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California may grant repatriation rights to unrecognised Native American tribes

A new state bill expands federal rights for Indigenous groups to reclaim human remains, burial objects and other sacred artefacts from institutions

California assemblyman James Ramos, a member of the Serrano/Cahuilla tribes, introduced a new bill to expand repatriation rights for unrecognised Native Americans in the state

Indigenous tribes in California who are not federally recognised will be granted rights to reclaim their ancestral objects from museums and institutions in the state if a pending repatriation law is approved as expected on 31 August. The bill—called AB-275 Native American Cultural Preservation (2019-2020)—has received “overwhelming bipartisan support in the California assembly and in its hearing in the senate governmental organisation”, with a 78-0 vote, the assembly member James C. Ramos (Serrano/Cahuilla) tells The Art Newspaper.

The bill expands on the existing Native American Graves Protection and Repatriation Act (NAGPRA)—a federal mandate enacted in 1990 to allow tribal leaders to reclaim human remains, burial items and other sacred objects from institutions. The federal law, however, excludes tribes that are not recognised and listed by the US Interior Department—a significant failing in the eyes of tribes in California, many of whom lost their recognition during the mid-20th century.

The state bill would create a Native American Heritage Commission that would identify and maintain a list of California tribes to consult in repatriation matters, and would revise the definition of “California Indian tribe” to include tribes that are not federally recognised. It also defines “museums” as any institutions that receive state funding—even partially. The final date for the bill to be approved in 31 August, and the California governor Gavin Newsome has until 30 September to sign or veto it.

Shannon O’Loughlin, the executive director of the Association on American Indian Affairs, says the proposed bill underlines the fact that NAGPRA needs to enforced at the state level. The federal law “defines the minimum process that’s supposed to happen in terms of repatriation, but institutions in California have struggled to follow through,” O'Loughlin says. She points to a state government audit released last month that found the University of California has “inadequate policies and oversight” that resulted in different campuses adopting different approaches to decisions regarding repatriation.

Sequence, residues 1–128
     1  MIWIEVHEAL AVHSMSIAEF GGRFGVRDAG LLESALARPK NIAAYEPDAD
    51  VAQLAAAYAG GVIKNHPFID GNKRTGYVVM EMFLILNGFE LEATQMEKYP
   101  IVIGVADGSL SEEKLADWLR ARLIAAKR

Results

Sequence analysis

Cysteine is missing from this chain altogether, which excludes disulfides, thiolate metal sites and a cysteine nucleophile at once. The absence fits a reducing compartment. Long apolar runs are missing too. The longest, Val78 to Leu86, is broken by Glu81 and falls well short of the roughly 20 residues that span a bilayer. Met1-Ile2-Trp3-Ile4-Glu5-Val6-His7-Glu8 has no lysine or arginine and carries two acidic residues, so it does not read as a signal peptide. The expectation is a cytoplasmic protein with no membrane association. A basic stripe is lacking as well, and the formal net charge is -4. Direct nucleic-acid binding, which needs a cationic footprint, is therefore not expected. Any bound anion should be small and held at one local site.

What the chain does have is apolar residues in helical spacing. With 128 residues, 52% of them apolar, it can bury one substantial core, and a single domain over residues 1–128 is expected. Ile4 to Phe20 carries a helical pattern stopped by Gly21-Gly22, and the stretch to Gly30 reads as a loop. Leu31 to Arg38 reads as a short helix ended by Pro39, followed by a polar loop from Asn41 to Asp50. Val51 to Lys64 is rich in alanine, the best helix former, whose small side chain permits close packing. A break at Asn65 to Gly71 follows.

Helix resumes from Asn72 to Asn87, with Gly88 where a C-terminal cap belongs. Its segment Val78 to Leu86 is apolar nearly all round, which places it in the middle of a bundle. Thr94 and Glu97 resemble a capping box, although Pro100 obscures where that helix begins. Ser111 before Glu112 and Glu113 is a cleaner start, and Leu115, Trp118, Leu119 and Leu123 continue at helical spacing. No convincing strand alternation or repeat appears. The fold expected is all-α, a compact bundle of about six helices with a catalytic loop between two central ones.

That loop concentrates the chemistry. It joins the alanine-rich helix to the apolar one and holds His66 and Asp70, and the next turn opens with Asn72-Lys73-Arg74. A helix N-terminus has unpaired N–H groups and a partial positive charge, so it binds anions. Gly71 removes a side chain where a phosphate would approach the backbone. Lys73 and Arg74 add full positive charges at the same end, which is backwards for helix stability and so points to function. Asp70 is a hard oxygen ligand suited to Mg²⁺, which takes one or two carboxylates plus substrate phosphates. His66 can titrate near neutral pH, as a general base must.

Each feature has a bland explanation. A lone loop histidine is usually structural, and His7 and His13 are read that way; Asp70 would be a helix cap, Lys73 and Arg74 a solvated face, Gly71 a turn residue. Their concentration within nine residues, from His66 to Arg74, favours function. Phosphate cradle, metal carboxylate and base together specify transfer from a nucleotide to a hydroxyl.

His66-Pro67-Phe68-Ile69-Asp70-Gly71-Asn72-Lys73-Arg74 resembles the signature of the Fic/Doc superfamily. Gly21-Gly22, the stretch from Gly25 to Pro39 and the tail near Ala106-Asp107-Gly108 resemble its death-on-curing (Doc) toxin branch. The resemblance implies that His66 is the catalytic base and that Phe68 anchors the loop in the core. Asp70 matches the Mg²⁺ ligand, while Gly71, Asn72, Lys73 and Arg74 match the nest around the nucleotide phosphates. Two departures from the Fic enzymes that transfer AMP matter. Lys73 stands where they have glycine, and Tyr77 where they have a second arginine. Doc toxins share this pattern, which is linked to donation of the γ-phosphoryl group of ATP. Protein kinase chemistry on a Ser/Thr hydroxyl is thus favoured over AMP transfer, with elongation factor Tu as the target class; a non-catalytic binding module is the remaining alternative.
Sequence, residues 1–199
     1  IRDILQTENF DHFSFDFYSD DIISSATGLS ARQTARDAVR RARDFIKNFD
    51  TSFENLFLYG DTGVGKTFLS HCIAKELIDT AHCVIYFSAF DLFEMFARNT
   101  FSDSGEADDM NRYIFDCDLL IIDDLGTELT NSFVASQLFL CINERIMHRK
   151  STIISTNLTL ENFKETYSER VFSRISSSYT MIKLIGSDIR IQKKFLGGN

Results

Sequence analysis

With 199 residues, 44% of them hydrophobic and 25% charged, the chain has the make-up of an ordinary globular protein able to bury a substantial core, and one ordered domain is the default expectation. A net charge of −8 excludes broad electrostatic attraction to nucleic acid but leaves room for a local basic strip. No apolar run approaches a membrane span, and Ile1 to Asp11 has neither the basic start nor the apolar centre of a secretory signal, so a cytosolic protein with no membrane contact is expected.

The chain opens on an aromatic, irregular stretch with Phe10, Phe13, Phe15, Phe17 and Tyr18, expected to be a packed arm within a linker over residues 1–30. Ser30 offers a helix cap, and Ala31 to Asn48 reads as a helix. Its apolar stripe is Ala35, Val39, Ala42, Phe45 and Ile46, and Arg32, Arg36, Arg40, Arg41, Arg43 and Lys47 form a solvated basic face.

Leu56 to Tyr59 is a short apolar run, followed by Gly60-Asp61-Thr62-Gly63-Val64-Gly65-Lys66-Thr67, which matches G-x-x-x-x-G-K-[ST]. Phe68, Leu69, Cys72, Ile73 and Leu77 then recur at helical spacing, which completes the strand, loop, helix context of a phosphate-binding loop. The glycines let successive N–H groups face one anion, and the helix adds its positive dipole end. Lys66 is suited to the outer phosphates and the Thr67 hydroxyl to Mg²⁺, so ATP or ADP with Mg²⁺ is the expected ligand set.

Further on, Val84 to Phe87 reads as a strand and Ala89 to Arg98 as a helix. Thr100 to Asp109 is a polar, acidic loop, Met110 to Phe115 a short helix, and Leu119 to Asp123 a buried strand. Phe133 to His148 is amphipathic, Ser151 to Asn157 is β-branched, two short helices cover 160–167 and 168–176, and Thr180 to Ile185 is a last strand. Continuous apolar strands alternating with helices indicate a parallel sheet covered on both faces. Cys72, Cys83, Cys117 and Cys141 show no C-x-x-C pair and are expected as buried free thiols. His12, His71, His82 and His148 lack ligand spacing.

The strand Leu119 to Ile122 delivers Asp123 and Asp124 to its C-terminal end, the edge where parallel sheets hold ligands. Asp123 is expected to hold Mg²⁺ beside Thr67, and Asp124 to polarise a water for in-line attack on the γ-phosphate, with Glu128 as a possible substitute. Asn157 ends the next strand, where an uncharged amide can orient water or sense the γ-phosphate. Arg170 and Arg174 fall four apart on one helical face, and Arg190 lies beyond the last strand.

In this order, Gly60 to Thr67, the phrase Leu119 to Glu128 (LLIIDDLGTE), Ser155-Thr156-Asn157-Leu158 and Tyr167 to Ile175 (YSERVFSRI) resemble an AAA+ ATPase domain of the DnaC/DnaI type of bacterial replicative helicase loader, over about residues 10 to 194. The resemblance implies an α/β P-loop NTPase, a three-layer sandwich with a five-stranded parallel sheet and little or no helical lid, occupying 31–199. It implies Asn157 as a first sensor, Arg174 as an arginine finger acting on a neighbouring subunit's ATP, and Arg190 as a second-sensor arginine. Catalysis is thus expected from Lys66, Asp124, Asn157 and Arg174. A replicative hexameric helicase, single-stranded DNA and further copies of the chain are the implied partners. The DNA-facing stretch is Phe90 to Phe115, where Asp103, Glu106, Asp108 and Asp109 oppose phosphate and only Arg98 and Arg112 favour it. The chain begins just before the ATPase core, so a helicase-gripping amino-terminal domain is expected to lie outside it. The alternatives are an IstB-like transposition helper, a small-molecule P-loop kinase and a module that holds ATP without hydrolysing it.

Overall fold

While the university's Los Angeles campus has “returned nearly all of the [human] remains and artefacts in its collection”, according to the report, UC Berkeley has “returned just around 20%” of its 500,000-piece collection, and has “regularly requested more evidence from tribes” to determine ownership of the objects.

Janet Napolitano, the executive director of the University of California, says the campuses will review and implement a series of policies in response to the audit, and that it will work to increase the transparency of its Indigenous collections and improve its communication with tribal leaders. “The university understands the need for a stronger policy and improvement in our relationships with Native American communities,” she says.

O’Loughlin adds that there are “a lot of inconsistencies across institutions and in how federal and state processes work”, not just in California but nationwide. “What this bill does is heighten or correct the original legislation, so that California, for example, can determine which tribes it recognises or not. It addresses what needs to be changed.”